US Senator warns copper ETFs would ‘undoubtedly’ increase the price

In a letter sent to US securities trading authorities on Tuesday a US Senator attacked plans by  JPMorgan and BlackRock to launch an exchange-traded fund backed by physical copper similar to the many precious metal ETFs already available to investors.

The letter by Senator Carl Levin, a Michigan democrat, follows similar complaints by US copper wire manufacturers in May and states this type of investment vehicle in copper – widely used in construction, communication and transport – would ““undoubtedly affect and increase the price of copper”” and make the market “more susceptible to squeezes and corners by speculators”.

Gold ETFs have been very supportive of the price and combined these funds now hold some 2,500 tonnes of the precious metal, but given copper’s essential role in the global economy investors hoarding physical supply would have a different dynamic altogether.

Apart from JPMorgan and BlackRock, Credit Suisse/Glencore, Deutsche Bank, Citigroup and Goldman Sachs are all looking at copper ETFs. Goldman Sachs have already been tying up physical supply and last year signed an off-take agreement with Spanish miner Emed.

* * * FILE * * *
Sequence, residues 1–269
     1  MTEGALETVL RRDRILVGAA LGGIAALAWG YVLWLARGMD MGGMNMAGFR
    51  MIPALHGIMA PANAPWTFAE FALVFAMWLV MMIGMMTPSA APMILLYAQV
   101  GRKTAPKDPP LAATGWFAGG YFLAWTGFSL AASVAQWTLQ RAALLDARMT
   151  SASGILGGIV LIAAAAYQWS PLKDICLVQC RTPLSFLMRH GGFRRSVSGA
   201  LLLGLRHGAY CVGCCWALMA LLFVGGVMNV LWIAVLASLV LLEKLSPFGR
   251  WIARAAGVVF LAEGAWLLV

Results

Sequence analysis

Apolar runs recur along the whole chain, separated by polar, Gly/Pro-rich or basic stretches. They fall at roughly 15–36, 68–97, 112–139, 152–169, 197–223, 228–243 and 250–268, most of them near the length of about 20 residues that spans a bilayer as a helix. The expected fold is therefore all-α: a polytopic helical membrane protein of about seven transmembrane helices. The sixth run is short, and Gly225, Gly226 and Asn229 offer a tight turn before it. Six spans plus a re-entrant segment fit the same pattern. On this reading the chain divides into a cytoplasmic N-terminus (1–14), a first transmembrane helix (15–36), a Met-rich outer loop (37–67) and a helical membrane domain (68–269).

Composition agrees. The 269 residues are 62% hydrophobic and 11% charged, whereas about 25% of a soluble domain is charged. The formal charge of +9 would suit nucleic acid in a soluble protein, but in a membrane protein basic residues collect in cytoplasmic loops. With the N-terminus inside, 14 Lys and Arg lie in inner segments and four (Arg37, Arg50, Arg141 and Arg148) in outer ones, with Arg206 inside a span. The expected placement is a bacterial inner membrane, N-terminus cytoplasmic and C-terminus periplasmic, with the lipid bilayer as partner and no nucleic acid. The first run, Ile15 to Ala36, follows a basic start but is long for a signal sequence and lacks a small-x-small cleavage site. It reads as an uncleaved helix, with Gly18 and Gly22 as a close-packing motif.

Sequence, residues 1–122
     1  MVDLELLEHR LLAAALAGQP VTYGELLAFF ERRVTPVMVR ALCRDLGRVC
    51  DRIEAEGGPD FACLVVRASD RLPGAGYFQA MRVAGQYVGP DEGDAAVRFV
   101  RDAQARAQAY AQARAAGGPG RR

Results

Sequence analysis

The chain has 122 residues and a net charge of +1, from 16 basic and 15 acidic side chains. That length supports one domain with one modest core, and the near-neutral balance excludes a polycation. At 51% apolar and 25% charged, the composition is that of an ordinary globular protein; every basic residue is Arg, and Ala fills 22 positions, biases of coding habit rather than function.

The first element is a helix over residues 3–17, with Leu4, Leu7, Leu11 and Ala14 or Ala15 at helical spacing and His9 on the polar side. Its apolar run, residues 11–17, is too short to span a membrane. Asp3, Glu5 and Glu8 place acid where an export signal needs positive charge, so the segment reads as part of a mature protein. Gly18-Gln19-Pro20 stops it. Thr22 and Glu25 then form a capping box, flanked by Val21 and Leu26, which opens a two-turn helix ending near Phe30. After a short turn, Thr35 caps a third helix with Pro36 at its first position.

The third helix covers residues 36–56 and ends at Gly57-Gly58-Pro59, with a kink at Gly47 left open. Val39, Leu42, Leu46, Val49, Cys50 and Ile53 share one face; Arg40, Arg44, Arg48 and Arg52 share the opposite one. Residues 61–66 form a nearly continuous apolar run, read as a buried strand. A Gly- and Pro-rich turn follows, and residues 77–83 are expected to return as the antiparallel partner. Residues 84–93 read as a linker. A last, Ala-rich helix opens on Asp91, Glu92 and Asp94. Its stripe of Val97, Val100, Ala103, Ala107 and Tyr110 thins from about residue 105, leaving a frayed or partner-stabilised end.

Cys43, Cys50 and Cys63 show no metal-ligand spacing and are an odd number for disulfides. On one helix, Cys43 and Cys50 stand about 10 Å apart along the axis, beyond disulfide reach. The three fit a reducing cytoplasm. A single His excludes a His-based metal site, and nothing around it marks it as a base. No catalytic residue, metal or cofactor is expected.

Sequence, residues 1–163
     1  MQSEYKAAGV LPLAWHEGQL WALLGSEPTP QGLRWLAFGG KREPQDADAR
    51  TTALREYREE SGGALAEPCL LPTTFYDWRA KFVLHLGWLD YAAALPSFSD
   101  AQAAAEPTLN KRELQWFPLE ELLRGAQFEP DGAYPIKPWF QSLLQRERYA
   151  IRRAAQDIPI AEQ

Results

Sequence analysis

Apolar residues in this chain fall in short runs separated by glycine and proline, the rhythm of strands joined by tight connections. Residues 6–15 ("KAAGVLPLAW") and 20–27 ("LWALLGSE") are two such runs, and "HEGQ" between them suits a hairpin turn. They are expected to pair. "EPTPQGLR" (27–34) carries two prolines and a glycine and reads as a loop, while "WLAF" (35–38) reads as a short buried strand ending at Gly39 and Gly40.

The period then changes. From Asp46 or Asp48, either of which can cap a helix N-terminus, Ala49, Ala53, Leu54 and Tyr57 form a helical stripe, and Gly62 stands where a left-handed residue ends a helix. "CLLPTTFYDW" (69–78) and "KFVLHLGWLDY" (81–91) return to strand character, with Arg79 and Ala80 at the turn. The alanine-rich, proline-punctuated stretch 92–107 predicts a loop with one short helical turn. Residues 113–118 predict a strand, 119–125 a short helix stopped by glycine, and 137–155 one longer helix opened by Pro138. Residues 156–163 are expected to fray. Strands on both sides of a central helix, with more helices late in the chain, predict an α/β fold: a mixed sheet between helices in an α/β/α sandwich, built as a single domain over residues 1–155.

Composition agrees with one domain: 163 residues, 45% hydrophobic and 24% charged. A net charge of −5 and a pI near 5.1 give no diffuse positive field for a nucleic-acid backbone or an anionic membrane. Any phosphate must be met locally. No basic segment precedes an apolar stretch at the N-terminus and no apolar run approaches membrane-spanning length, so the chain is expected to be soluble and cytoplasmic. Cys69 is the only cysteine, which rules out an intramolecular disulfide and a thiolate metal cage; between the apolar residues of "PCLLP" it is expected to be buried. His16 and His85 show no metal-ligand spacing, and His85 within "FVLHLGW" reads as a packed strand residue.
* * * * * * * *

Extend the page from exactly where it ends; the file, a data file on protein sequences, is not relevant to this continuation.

Copper stockpiles and global imbalances of supply have caught the attention of industry observers with some saying that there are rogue traders operating in the market and that prices are being distorted by dominant players.

Earlier in the year an entity took control of up to 90% of cash contracts and inventories on the LME and stock levels at the LME’s 600 warehouses around the world are already at historically low levels of 250,00 tonnes from 450,00o tonnes a year ago. 73,500 tonnes are also held in COMEX warehouses.

Levin calculates that JP Morgan and Blackrock’s ETFs could take another 183,000 tonnes off the market.

On Tuesday, the red metal reversed recent gains trading at $3.46 a pound in New York. Today’s price is a 22% drop from historic highs hit at the end of July last year of a shade under $4.49 a pound (more than $10,000 a tonne).

2011 saw dramatic price collapses for copper. From the record high in July the metal plunged to $3.07 at the beginning of October, a 31% drop in little over two months. In September 2011 alone, the price dropped 26%, losing over $1/pound during the month.


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